• Regular feedback on performance from supervisors or managers
  • Keep it friendly and ask for input

Leadership Values and Principles:

  • I work with many current and next generation of leaders; their teams always solve complex challenges.
  • Instead of looking outside of the box, get rid of the boxes.
  • Think both in terms of outside-in and inside-out.
  • Focus on root causes instead of symptoms.
  • Approach things through two-directional thinking.
  • Focus on relationships/networks instead of transactions.
  • Collaborate and co-create.
  • Align purpose and profit.
  • Steer away from complacent compliance.
  • Think BIG, plan, and execute!

Career:

  • Expertise as the founder of three entrepreneurial companies, each had a successful exit.
  • Including my firm’s resale with additional assets for KKR – Primedia, $1.2B in cash.
  • Board of Director, Executive Coach, and Angel Investor.

    Fields of experience:

    ♦ Enterprise Software as a Service (SaaS)
    ♦ Multinational Enterprises Global Value Chains – Reshoring and Nearshoring
    ♦ Hydrogen Production & Fuel Cell Technology – CleanTech
    ♦ Wellness, Digital Health, and Organic Produce
    ♦ Financial Portfolio Analysis Software
    ♦ eCommerce Platforms
    ♦ Machine and Deep Learning, AI, Computer Vision, Neuromorphic & Natural Language
    ♦ Smart Manufacturing that applies information and manufacturing intelligence
    ♦ Dental Oral Appliances – Epigenetics, and Biotechnology
    ♦ Nanotechnology
    ♦ Internet of Things (IoT)
    ♦ Augmented Reality and Virtual Reality
    ♦ Supply Chain – Reverse Logistics – Manufacturing
    ♦ Social Media Software

    Executive Specialties: Strategic Organizational Leadership • Strategic Visioning & Direction Setting • Sales & Marketing Strategy • Business Development • Capital Raising • Operations Management • Strategic Analysis & Planning • Market Research & Opportunity Identification • Digital Media • Advertising • Customer Relationship Management • Executive Team Leadership • Financial Control • P&L Management • Mergers & Acquisitions (M&A) • Team Building • Talent Development & Coaching • Kaizen Methodology of Continuous Improvement • Trusted Executive and Professional Confidant

Cliff Locks is a trusted confidant to CEOs, C-Level Exec, and high-potential employees to help them clarify goals, unlock their potential, and create actionable strategic plans.

Available to join your Board as a Certified Master Professional Board of Director and Advisor.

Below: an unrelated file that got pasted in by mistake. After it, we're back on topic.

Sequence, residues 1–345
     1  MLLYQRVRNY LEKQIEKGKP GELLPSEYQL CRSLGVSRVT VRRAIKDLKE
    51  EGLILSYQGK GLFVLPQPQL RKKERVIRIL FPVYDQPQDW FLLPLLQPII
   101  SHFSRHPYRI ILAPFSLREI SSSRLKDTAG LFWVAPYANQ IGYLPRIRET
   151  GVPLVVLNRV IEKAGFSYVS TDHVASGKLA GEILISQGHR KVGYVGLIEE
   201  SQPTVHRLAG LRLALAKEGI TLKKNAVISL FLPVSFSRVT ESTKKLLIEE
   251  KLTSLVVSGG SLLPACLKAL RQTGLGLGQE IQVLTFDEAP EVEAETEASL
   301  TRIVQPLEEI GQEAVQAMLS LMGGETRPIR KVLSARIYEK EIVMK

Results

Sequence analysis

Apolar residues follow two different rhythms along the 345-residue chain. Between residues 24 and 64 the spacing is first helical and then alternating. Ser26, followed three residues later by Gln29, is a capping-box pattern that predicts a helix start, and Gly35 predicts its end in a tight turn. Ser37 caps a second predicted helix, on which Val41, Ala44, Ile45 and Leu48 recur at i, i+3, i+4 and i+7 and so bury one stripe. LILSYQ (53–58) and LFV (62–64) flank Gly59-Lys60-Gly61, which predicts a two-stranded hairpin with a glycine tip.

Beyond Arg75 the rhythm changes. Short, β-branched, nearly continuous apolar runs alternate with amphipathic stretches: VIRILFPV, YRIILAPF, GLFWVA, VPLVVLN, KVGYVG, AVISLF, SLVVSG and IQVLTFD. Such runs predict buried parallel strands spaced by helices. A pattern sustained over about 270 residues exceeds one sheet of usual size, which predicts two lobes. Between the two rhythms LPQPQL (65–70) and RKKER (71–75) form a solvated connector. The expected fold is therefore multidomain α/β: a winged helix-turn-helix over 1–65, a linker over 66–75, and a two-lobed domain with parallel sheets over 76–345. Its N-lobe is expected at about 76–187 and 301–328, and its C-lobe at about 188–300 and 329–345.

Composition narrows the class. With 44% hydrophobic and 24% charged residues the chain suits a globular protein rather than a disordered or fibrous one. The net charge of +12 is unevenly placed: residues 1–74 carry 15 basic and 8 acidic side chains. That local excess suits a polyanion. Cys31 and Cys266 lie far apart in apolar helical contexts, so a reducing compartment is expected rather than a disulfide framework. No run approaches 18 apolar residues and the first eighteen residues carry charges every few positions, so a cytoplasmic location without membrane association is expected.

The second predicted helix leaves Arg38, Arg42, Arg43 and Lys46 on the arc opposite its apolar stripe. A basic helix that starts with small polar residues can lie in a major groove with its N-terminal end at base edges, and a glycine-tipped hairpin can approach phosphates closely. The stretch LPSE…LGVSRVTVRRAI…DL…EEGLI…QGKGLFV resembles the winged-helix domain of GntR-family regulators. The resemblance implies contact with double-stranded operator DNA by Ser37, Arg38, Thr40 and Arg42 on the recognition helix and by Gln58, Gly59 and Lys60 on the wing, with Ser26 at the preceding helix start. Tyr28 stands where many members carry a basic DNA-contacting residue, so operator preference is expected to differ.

I am a trusted confidant and advisor available by Zoom and by phone to be your right-hand man, who will make a significant contribution and impact on your way to success.

As a Trusted Confidant Advisor, I support you, along with your company’s strategic and annual operating plan. This plan may include marketing, sales, product development, supply chain, hiring policies, compensation, benefits, performance management, and succession planning.

Most successful leaders enjoy talking to someone about their experiences, which is why most develop a close relationship with a Trusted Confidant—a person with whom they feel free to share their thoughts, concerns, and ideas without fear of sharing too much or being judged by the people they lead, or their colleagues and superiors. I am a sounding board who will help you to better develop and see your ideas through to fruition.

The most effective Executive find confidants who complement their strengths and sharpen their effectiveness. Bill Gates uses Steve Ballmer in this way; Warren Buffett turns to vice chairman Charlie Munger. In the end, both the Executive and their organizations benefit from these relationships.

As your trusted confidant, I am always by your side, holding your deepest secrets and never judging. Everything discussed is held in complete confidence.

What many executives feel is missing from their busy life is a trusted business person who understands the holistic complexity of both their business and personal life.

I strive to provide solid financial, business, and family expertise and serve as a dispassionate sounding board, a role I like to call “Executive Confidant.”

By holding a safe place for the Executive to work on life path issues as well as direction, I repeatedly see remarkable benefits as personal values become integrated with wealth and family decisions, enhancing a more meaningful life.